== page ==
Home & Garden

4 top security cameras for keeping tabs on your home

Whether you’re serious about security or simply want to spy on a mischievous pet, these clever cameras are vying for a spot in your home. Karen Sullivan contributed

iControl Networks Piper

CNET rating: 4 stars out of 5 (Excellent).

The good: There’s a ton of useful home security and home automation features squeezed into Piper’s compact frame. It looks great, too, which doesn’t hurt.

The bad: The app design is a little busy, and I wish it had night vision. If you don’t like Z-Wave, a wireless network by Zensys Inc., you’re kind of out of luck in the accessories department.

The cost: $239.

The bottom line: Don’t expect Piper’s slight build to mean that it’s short on performance. This all-in-one security system offers a great value for smaller homes and budding DIYers.

Dropcam Pro

CNET rating: 4 stars out of 5 (Excellent).

The good: The Dropcam Pro improves on the image and two-way talk feature of the original Dropcam HD. It’s easy to use and set up, and you can view a remote video feed over the Internet or on your iOS or Android mobile device via free Dropcam apps. The new zoom/enhance feature works well; no service fee for basic live viewing; and the addition of Bluetooth makes setup even easier and will allow you to connect optional home-monitoring accessories in the future.

The bad: You may experience some lag with the video and audio, depending on the speed of your Internet service. PC-free setup isn’t available for Android devices at launch. Camera isn’t weatherproof and can’t be placed outside.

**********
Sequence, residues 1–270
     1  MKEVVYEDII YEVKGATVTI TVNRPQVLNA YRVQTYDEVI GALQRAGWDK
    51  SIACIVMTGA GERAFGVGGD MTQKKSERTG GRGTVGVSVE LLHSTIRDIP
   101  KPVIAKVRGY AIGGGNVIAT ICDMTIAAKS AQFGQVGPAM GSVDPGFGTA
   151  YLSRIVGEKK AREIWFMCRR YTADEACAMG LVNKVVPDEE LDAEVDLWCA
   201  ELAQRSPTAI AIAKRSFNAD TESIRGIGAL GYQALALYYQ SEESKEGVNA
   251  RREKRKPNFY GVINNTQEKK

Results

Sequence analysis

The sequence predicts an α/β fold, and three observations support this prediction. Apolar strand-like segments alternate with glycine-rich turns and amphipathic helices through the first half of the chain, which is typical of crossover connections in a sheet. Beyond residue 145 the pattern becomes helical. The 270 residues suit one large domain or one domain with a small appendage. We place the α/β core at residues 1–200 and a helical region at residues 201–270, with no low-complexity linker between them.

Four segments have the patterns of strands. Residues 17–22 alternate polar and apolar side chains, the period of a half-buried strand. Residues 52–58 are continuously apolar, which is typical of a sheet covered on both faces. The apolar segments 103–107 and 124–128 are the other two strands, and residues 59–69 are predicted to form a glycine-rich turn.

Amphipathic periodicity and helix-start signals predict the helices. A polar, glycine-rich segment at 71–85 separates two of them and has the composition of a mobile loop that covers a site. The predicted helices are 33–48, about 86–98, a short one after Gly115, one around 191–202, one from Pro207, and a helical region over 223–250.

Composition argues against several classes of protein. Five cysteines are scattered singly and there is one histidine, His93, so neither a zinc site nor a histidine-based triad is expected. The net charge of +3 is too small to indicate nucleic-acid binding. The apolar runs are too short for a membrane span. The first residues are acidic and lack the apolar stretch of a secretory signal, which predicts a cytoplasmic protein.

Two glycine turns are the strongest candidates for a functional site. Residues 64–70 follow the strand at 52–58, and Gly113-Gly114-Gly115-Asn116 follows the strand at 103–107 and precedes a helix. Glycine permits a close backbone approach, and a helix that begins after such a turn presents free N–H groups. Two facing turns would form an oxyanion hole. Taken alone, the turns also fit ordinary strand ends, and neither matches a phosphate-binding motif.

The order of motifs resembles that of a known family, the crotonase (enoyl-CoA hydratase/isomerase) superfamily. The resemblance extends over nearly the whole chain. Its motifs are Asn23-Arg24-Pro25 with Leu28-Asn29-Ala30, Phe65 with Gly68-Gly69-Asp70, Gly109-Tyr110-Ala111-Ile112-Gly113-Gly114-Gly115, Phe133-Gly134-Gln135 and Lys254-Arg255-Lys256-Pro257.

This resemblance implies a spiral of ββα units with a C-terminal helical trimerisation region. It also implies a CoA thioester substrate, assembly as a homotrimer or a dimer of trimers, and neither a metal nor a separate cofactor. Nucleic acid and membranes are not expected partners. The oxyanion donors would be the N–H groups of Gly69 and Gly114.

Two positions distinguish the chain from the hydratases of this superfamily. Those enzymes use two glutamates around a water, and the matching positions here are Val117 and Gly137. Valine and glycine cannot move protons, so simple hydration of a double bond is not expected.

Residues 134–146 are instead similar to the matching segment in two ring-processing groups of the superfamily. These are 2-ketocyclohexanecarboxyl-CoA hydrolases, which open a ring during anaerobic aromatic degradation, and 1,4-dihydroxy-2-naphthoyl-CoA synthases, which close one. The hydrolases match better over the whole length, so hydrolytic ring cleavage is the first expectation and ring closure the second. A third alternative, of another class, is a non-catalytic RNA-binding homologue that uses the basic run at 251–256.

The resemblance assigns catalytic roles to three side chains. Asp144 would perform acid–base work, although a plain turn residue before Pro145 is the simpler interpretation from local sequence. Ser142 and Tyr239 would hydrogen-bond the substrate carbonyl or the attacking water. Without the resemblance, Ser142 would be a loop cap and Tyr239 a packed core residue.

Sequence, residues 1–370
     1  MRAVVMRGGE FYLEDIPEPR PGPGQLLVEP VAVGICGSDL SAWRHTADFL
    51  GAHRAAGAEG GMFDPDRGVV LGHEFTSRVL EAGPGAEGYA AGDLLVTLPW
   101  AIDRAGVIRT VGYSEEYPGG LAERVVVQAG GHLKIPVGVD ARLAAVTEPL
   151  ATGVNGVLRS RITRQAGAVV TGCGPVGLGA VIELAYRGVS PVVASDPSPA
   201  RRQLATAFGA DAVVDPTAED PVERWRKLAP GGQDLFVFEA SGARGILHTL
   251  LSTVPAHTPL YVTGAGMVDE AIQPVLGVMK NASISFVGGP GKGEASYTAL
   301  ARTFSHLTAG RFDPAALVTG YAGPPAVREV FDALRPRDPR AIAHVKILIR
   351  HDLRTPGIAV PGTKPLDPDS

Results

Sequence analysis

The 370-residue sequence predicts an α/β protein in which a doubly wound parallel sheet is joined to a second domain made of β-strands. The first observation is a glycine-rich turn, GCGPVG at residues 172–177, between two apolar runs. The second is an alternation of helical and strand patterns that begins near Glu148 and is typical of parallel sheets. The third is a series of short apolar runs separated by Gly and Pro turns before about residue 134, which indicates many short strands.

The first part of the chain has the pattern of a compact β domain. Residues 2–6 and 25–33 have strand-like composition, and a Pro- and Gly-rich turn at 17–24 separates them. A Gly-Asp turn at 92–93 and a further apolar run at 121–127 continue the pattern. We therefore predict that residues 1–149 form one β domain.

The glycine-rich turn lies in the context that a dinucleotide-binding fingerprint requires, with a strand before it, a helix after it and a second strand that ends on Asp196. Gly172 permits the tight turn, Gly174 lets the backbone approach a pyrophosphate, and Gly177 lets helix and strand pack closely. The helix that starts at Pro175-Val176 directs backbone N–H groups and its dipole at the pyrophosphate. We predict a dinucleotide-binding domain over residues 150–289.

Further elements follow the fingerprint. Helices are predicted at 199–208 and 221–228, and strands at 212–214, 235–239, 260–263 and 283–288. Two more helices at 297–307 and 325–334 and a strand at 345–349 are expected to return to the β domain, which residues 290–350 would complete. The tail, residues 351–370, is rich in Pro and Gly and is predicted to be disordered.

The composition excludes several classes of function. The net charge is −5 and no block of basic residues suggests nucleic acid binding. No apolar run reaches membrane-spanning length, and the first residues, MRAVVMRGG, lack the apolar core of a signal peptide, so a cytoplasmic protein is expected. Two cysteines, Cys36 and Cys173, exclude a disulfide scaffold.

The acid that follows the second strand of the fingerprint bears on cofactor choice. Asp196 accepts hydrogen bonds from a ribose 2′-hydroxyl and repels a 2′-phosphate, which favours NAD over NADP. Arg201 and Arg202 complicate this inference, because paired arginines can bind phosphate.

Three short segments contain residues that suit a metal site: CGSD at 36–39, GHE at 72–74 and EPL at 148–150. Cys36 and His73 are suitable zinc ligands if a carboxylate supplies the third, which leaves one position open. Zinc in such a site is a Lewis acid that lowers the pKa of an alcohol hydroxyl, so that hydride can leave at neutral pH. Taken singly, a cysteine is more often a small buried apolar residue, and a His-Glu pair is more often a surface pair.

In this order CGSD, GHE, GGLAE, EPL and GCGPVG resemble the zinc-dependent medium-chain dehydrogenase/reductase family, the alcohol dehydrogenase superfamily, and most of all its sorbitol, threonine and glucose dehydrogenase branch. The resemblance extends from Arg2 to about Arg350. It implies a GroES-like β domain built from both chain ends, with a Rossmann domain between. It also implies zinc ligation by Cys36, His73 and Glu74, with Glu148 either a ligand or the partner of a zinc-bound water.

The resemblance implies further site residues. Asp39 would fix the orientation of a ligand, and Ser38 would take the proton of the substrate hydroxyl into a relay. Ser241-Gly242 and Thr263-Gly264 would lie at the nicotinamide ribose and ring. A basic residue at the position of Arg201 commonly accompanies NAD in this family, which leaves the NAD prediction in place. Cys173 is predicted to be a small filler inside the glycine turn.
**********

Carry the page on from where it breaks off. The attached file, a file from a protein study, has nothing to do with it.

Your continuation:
The cost: $190 to $200.

The bottom line: The Dropcam Pro dramatically improves on the company’s already impressive wireless home-monitoring camera.


CNET rating: 4 stars out of 5 (Excellent).

The good: iSmartAlarm offers comprehensive and intelligent home security for do-it-yourself-minded consumers, all for a fraction of fee-based home security setup.

The bad: This alarm system won’t call the police for you, and getting the iCamera video add-on to work with the system can be a challenge.

The cost: $165 to $200.

The bottom line: With its reliability, its overall ease of use, and its undeniable value, the iSmartAlarm is an intriguing, legitimate alternative in home security, especially for small-home owners and budget-minded consumers.

Belkin NetCam HD+

Wi-Fi Camera

CNET rating: 4 stars out of 5 (Excellent).

The good: This comparatively inexpensive Internet Protocol camera, which sends and receives data using a computer network and the Internet, has a lot of high-end features, including night vision and two-way talk. It’s also compatible with Belkin WeMo products, which use a Wi-Fi router and Apple smartphone or tablet to control and monitor other devices in the home.

The bad: You need to pay a $10 monthly or $100 yearly fee to store video clips and receive motion-related push notifications. You are dependent on the Belkin servers, and the video quality does not rival the Dropcam Pro’s.

The cost: $129.

The bottom line: Belkin’s NetCam HD+ is a fantastic option for budget-minded DIY security enthusiasts, but you’ll need to pay the monthly fee to get the most from this entry-level IP camera.